Bikes (1) What do 57 million euros buy in Amsterdam?

A bike parking at Alkmaar rail station, by dutch urban furniture maker VelopA

A bike parking at Alkmaar rail station, by dutch urban furniture maker VelopA

27% of all travel in the Netherlands are by bike (according to Pucher & Buehler, 2008), the highest ratio in the world. The average Dutch pedals 2,5 km daily (Spaniards just 0,1, as well as in the US…).

Over the last 20 years the use of bicycles has increased by 40% in Amsterdam, to reach 490.000 daily trips in 2012 and 2 million kilometers daily, and over 3.500 bikers per hour in the most used segments. There is a relevant congestion that generates a third of accidents. 56% of the severe traffic accidents imply a bike rider.

Amsterdam City plans to invest 57 million euros up to 2016 to improve the use of the bicycle. There will be 15 new km of red, high capacity, bike paths, and the main thoroughfares will be enlarged, giving as much priority as possible to cyclists. Up to 2020 there will be a coordinated investment of 120 million euros involving other administrations to solve the most conflictive nodes of the network, but the priority (90 millions) will be allocated to 38.000 new bike parking places (2.368 euros per spot). According to the city, the investment on bicycles is the most profitable for euro spent.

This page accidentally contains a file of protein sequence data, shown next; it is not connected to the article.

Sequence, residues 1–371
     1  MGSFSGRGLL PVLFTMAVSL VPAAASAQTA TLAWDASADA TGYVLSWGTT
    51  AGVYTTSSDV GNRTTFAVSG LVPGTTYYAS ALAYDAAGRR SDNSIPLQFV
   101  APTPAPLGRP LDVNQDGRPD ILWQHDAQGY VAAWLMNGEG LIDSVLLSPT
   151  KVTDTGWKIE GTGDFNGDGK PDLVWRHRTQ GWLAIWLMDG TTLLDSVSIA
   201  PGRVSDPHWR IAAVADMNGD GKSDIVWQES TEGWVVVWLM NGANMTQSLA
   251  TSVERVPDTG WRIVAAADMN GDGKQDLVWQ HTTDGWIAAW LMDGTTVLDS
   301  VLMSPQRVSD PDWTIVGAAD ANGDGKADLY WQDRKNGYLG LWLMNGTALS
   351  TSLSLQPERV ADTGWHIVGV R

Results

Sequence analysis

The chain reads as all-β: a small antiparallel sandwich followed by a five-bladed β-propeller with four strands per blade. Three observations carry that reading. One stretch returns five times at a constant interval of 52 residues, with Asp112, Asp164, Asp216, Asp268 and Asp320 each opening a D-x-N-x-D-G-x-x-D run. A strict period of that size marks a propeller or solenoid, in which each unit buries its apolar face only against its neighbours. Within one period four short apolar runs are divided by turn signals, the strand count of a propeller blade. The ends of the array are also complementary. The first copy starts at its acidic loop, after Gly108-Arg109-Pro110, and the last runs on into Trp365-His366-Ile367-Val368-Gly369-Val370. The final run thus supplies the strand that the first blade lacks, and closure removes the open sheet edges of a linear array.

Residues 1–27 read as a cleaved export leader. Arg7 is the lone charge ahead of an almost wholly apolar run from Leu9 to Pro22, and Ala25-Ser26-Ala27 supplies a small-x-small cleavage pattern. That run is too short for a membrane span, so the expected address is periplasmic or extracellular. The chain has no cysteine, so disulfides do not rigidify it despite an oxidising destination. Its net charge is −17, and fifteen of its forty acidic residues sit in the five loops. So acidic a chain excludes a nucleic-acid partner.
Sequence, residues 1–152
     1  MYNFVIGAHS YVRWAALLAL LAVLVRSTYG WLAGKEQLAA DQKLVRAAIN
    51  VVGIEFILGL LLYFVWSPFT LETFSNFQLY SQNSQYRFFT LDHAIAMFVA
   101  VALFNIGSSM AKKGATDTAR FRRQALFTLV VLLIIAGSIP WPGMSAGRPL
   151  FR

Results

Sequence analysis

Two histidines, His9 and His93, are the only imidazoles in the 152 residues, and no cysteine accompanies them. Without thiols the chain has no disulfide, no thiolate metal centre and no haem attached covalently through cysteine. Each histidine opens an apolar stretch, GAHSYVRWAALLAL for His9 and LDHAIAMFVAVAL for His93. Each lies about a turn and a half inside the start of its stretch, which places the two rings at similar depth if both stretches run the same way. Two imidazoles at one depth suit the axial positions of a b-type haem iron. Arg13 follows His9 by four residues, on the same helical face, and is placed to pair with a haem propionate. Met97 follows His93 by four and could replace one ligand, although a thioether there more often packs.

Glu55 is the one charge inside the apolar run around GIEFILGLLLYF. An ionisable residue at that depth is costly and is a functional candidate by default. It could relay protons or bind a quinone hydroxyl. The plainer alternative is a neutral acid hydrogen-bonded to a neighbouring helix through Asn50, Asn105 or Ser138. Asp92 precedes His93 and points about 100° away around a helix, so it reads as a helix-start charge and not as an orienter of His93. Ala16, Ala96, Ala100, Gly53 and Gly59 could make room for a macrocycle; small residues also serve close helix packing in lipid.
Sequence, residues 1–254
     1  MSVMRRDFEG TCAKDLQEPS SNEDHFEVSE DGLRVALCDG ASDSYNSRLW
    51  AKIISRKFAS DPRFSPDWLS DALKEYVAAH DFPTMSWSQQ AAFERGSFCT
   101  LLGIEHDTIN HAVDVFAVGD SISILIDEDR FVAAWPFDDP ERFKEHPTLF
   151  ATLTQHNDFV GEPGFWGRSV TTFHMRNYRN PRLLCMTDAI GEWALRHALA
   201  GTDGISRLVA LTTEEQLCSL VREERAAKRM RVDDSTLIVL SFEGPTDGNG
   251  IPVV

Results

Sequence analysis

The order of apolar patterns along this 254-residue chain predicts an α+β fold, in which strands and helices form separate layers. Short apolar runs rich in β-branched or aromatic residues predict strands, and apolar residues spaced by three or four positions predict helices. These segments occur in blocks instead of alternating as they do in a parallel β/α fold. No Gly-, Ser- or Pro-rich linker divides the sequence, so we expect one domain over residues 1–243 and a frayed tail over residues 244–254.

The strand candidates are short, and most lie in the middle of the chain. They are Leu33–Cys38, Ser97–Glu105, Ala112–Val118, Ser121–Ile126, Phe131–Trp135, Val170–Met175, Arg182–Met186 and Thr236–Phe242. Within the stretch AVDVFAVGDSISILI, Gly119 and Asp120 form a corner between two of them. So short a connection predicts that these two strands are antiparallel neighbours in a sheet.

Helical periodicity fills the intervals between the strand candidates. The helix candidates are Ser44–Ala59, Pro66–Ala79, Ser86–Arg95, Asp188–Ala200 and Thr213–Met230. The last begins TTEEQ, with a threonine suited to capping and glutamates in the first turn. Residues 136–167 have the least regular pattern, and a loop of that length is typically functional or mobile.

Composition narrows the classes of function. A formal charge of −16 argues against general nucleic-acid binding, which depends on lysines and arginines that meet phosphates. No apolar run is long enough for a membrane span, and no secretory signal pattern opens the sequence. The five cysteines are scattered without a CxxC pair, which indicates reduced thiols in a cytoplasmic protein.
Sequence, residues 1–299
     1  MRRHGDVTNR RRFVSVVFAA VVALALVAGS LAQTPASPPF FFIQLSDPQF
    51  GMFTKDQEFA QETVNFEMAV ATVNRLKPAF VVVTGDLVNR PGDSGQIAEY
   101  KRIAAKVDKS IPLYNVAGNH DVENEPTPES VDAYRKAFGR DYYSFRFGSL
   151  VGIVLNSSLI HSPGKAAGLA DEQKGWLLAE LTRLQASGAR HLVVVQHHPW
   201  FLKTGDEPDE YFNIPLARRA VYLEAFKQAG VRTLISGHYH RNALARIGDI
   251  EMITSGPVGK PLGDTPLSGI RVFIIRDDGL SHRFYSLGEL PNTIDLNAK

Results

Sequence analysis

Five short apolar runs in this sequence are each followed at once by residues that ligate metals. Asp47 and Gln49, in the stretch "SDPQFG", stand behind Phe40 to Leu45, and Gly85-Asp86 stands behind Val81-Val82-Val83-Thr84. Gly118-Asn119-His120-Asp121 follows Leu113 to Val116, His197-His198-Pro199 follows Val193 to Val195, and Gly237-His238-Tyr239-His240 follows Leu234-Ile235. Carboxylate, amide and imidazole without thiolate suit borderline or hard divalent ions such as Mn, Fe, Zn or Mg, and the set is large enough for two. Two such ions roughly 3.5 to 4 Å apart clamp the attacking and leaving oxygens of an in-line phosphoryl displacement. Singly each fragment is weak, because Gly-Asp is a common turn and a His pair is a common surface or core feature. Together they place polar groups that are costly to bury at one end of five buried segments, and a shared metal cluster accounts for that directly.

Just to compare investment magnitudes and the number of implied persons, I will use a Madrid example. The Cuatro Caminos underpass, opened in 2005 with a 540 m length (and a complex engineering to make the four lanes way cope with many buried infrastructures) has cost, according to the press, 25,7 million euros, to absorb 70.000 cars a day. If the 57 million euros in Amsterdam’s investment were to benefit just 30% of its bikers in 2012, this would mean some 147.000 daily trips, so the cost in euros/trip would be similar, but the CO2 and other greenhouse gases and pollutants emissions would be clearly down, as well as the associated nuisance. Besides, the Amsterdam investment should tackle congestion city-wide, while Cuatro Caminos is a point solution. Taking into account that building costs in the Netherlands are probably higher than in Madrid, a more adjusted intra-city comparison would be even more advantageous to the bike.

More data about cycling in the Netherlands at

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